The affect was the same in the audience. As the students huddled on the stage, residents, parents, teachers, and even some local politicians, such as newly-elected State Senator Len Suzio (R-13), formed together to discuss the issues that had just been debated on stage. Each group of conversations seemed to carry the same level of passion being shown by the students.
The final two questions dealt with domestic issues, as students spoke about need, or lack thereof, to extend unemployment benefits, and whether the U.S. should take a different approach to immigration.
Whether unemployment benefits should be extended generated impassioned debate between the two sides, as each seemed to make their point more forcefully.
“Historically, unemployment benefits do not work,” said Young Republican Kaitlyn Gaudio. “Unemployment benefits benefit the unemployed. Tax cuts benefit everyone.”
Daniel Byrd, Young Democrat, criticized the Young Republicans' insistence that unemployment benefits wouldn't work, and, instead, cited statistical projections, provided by different government departments, that showed the expectation was, in fact, the opposite.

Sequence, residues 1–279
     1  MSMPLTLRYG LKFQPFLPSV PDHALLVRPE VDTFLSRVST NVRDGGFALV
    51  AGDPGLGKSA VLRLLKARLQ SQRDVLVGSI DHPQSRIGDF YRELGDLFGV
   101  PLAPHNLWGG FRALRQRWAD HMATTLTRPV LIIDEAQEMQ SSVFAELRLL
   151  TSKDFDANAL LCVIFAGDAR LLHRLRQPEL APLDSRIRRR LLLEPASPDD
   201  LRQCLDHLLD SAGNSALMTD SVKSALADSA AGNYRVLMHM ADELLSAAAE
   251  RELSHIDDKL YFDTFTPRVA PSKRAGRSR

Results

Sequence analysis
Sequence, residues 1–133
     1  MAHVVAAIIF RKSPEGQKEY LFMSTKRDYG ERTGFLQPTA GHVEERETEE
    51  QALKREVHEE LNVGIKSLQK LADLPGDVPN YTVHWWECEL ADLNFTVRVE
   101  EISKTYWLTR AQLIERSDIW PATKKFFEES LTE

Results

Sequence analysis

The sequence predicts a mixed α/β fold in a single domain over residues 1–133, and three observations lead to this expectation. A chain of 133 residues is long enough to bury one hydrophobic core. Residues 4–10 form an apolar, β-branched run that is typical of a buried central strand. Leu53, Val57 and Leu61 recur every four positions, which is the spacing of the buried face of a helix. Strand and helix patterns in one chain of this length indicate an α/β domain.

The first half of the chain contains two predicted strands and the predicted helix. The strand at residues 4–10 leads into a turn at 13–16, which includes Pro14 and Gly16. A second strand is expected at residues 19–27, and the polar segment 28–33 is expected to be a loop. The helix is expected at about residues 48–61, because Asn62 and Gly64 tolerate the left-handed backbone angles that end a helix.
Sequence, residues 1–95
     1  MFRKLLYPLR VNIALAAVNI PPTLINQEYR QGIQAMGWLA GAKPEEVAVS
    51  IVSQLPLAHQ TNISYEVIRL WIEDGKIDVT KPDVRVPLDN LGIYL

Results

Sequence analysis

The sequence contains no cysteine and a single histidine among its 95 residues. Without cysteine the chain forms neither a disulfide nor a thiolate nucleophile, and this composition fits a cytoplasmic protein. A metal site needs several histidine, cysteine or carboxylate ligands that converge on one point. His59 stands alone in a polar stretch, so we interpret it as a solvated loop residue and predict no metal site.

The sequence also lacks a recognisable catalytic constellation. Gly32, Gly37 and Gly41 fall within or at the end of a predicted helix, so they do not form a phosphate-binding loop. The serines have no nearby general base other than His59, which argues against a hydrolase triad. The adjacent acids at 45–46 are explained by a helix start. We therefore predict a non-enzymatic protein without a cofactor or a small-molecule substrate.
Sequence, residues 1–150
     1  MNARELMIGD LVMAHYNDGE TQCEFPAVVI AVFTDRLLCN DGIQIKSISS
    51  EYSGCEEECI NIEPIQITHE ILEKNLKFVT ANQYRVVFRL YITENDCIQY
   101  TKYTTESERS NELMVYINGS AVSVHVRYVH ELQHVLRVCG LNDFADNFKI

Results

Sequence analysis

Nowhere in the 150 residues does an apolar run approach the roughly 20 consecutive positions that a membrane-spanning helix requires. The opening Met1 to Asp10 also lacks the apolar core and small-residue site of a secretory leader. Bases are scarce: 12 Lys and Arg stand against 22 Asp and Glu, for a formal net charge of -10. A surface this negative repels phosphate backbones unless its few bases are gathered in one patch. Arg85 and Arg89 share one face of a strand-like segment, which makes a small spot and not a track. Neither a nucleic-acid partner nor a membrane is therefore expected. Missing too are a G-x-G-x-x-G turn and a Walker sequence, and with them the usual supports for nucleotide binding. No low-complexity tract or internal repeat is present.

“This is a cheap and effective way to stimulate the economy,” he said. “This will prevent 3.3 million people from going under the poverty line. It is a win/win for the American people.”
The debate began in earnest from there, as Young Democrat Monica Dileo insisted that some people don't even have enough money to properly search for a job. “They can't afford a babysitter,” she said.
O'Reilly, however, stated that unemployment benefits were unnecessary if tax cuts were extended.
“Why should 3 million people get a check when 360 million people have to pay for it?” he asked.
In the end, when all the points had been made and all the arguments concluded, the audience gave the students a rousing round of applause.
The students who participated in the debate were (Young Republicans) John O'Reilly, Kaitlyn Gaudio, Quinlan Demac, Michael Raccio (Young Democrats) Hasher Nisar, Monica Dileo, Ali Below, and Daniel Byrd.